Head­ing into his third WHL sea­son in Prince Ge­orge, Browne has yet to make the play­offs and he knows his team will have its share of strug­gles with a young ros­ter. But he thinks Cougar fans will even­tu­ally be re­warded for their pa­tience watch­ing the team de­velop into a con­tender.

“Ob­vi­ously we felt we should have came out with at least a point last week­end in the matchups against Van­cou­ver but it’s still early in the year and we’ve got time to fig­ure our­selves out,” he said.

“We’re not that phys­i­cal but we’re fast and we can hit and when we want we can hit. I think we’re way bet­ter than last year, guys came to camp in bet­ter shape and we’re way more skilled than last year and we’re faster.”

The Cougars head to Vic­to­ria for games Fri­day and Satur­day against the Roy­als (01) with­out two of their best play­ers – cen­tre Ili­jah Colina and de­fence­man Cole Moberg.

Colina hurt his shoul­der in the pre­sea­son and is still three weeks away from re­turn­ing. Moberg left near the end of the sec­ond pe­riod of Satur­day’s game against Van­cou­ver when he suf­fered an up­per-body in­jury in a col­li­sion with one of the Gi­ants that will keep him on the shelf for the next two or three weeks.

Colina re­turned to the Cougars af­ter leav­ing the team in Fe­bru­ary to deal with a per­sonal is­sue. The 19-year-old from Delta is ex­pected to be the Cougars’ top-line cen­tre. Moberg, 18, was the only Cougar se­lected in the June NHL draft (picked in the sev­enth round by Chicago) and with his abil­ity to move the puck he rates as their top de­fence­man. In the Gi­ants’ se­ries he was be­ing used as a winger on the Cougars’ power play.

“It’s a huge blow, as was Colina,” said Cougars head coach and gen­eral man­ager Mark Lamb. “Browne had a tough train­ing camp be­cause he was in­jured all the time and we’re try­ing to get him up to speed. That’s our skill on the team, that’s the big­gest prob­lem.”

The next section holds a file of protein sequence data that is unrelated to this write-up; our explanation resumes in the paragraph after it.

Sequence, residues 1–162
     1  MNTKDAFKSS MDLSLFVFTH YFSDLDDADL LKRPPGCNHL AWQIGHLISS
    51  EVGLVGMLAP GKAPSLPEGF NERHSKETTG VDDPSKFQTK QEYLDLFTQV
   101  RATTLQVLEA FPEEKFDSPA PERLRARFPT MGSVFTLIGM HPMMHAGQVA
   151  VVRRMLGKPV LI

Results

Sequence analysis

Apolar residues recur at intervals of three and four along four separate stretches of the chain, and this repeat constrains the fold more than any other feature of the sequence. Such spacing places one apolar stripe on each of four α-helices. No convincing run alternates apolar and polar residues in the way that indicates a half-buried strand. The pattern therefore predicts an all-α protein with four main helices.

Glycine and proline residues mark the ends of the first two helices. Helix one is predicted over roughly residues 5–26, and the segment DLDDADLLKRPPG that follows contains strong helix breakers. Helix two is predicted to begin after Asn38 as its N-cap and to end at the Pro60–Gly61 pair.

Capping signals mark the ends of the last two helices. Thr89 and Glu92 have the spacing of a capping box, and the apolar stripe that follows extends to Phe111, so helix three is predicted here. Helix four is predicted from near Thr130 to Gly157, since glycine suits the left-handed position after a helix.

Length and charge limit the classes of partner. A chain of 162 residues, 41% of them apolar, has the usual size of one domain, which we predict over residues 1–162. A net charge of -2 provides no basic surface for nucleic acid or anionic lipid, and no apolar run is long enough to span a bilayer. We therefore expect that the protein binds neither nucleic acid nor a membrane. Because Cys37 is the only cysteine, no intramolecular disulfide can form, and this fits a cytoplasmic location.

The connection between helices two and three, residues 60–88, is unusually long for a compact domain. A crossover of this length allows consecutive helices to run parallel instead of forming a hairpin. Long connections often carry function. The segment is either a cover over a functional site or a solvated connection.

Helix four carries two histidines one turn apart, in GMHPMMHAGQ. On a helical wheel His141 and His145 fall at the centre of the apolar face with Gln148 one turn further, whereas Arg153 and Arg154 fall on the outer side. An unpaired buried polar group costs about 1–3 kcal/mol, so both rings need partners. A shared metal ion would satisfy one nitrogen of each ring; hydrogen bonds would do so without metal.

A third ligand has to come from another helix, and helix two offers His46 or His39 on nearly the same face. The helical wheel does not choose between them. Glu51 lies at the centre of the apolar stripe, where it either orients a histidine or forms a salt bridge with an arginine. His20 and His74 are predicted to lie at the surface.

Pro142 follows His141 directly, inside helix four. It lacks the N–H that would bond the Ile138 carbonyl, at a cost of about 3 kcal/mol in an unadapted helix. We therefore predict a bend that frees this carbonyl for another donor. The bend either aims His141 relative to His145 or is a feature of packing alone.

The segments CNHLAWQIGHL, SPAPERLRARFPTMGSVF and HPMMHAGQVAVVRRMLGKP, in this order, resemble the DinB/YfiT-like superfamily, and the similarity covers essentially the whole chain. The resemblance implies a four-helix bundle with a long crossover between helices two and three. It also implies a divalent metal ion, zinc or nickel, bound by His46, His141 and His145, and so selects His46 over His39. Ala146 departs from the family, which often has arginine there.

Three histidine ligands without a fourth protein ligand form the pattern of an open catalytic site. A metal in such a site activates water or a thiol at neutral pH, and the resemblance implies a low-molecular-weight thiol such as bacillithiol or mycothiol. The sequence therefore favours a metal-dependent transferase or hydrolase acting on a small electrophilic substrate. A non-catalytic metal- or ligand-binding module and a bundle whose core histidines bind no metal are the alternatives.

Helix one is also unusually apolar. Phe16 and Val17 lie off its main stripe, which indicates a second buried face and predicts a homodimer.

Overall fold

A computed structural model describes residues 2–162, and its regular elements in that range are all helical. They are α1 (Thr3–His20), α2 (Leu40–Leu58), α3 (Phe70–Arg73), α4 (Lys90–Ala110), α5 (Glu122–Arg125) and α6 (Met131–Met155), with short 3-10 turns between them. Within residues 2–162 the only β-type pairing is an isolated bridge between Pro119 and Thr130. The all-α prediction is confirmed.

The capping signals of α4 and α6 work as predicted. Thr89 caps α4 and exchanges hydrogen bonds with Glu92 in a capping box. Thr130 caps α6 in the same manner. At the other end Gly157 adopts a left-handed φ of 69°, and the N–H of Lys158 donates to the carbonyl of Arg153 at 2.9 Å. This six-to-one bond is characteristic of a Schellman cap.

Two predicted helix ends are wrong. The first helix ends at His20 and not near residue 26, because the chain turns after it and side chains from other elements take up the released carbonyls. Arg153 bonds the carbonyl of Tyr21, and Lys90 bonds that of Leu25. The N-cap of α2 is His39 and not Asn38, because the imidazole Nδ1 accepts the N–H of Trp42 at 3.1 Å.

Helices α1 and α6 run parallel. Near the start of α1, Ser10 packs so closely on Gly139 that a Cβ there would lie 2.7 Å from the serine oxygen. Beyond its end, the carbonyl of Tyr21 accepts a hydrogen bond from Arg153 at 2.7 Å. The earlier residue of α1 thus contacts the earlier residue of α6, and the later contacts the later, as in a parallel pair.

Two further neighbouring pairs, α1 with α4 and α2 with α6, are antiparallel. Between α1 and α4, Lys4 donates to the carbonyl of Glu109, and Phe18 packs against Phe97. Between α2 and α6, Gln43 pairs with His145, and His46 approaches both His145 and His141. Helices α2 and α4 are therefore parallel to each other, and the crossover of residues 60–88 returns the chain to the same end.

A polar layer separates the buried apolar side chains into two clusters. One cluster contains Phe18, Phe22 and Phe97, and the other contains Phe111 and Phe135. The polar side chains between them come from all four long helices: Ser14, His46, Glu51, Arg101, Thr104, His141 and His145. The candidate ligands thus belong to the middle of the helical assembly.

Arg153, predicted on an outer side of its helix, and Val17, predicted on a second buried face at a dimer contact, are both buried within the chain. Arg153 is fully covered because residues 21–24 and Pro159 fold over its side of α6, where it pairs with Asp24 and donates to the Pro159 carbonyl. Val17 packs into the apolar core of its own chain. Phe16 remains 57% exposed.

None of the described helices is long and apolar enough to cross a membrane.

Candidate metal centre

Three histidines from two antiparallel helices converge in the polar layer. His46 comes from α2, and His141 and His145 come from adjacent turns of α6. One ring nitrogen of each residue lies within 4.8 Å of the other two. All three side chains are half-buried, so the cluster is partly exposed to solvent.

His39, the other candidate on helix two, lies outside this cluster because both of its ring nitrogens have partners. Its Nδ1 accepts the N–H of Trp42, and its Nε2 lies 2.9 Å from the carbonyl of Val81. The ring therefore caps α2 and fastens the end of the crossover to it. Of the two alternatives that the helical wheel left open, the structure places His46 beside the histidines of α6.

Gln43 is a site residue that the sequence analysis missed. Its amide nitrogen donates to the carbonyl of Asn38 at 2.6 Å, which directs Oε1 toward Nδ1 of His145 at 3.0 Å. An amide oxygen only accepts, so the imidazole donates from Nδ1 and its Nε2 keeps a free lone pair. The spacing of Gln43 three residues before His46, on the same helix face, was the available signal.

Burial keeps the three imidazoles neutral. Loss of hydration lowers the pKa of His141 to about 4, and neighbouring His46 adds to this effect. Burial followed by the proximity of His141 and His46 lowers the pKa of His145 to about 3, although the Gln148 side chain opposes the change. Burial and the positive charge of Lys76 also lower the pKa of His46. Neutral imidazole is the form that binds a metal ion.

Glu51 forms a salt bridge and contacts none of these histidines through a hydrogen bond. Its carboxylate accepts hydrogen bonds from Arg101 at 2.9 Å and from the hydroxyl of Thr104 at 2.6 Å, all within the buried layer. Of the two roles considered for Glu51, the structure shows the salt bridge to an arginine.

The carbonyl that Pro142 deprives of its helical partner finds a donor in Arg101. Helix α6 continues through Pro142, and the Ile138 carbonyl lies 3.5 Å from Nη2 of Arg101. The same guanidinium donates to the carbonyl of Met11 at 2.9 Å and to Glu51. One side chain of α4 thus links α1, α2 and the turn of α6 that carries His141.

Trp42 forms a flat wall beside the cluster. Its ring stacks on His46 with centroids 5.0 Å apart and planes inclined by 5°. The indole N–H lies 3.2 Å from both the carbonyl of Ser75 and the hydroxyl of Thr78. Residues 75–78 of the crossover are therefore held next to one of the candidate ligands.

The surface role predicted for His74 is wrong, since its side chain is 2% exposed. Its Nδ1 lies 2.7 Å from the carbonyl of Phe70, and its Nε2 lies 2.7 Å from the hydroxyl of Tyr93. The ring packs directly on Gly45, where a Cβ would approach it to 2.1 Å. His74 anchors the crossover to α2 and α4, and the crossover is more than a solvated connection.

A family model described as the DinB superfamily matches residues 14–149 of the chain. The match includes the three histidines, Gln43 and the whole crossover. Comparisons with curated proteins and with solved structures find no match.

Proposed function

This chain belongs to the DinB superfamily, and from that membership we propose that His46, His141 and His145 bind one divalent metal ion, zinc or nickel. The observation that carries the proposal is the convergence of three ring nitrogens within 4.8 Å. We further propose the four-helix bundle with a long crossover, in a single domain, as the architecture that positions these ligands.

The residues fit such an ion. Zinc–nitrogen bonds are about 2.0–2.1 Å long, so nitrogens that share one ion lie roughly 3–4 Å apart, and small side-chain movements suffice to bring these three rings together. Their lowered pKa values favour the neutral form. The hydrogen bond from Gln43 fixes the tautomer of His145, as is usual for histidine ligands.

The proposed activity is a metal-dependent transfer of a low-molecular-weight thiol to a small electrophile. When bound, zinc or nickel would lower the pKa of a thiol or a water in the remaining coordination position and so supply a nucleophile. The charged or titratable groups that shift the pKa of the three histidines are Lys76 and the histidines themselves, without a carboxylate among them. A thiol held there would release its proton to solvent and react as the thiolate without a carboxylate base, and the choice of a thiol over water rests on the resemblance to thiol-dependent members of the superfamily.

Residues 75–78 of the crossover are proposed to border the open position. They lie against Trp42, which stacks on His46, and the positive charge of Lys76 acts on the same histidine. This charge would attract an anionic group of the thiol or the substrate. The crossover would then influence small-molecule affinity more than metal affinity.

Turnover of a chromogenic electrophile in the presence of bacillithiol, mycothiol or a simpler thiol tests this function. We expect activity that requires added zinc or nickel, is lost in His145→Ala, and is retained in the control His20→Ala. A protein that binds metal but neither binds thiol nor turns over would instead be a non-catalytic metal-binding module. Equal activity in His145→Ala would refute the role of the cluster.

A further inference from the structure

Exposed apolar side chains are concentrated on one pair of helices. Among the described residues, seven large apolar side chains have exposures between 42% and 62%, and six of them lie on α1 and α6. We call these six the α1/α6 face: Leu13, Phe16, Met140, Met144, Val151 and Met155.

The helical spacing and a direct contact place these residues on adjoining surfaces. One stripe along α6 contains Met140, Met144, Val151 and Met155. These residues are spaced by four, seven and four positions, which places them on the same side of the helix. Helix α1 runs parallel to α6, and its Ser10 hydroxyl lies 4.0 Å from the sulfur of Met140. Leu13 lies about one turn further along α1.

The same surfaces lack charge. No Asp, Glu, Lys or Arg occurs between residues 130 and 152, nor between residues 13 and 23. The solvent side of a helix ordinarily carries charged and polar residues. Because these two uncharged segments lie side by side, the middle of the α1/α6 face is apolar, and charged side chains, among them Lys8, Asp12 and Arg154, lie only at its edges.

Cole Beamin just re­turned from an up­per­body in­jury will take Moberg’s spot in the lineup.

The Roy­als are com­ing off a 6-0 loss in Everett, their only game so far this sea­son. Com­pared to the Cougars they’re an older team, with eight 2000-born play­ers on the ros­ter.

Lamb didn’t like the out­comes last week­end – 5-3 and 4-1 losses to the Gi­ants – but saw plenty of en­cour­ag­ing signs from his play­ers.

“We did a lot of good things with­out the puck, we lim­ited them to not a lot of shots, and we lim­ited their scor­ing chances,” said Lamb. “That’s the way we have to play. We need our goal­tenders to be strong and if they are strong and we play a good team game we’ll have suc­cess. We don’t have the of­fence and it’s not just of­fence, you’ve got to play away from the puck. Ev­ery­one talks that a good de­fence cre­ates of­fence and it’s so true. But if you just think you’ll go out and score goals you’re never go­ing to win. It’s a mind­set.”

Lamb hinted the Cougars might be will­ing to part with a few veter­ans to make the team bet­ter in the long run.

“We’re prob­a­bly go­ing to get younger as the sea­son goes, if we make any deals or stuff like that,” he said.

“We’ve got to do the right things now. The big­gest thing is we’ve got to have pa­tience. It’s prob­a­bly go­ing to be hard for peo­ple, be­cause they want to win, but there’s no way to win right now. There’s no quick fix. It’s go­ing to take some time.”


Prince Ge­orge Cougars for­ward Ethan Browne looks to make a play with the puck while be­ing checked by Vic­to­ria Roy­als de­fender Jame­son Mur­ray in 2018.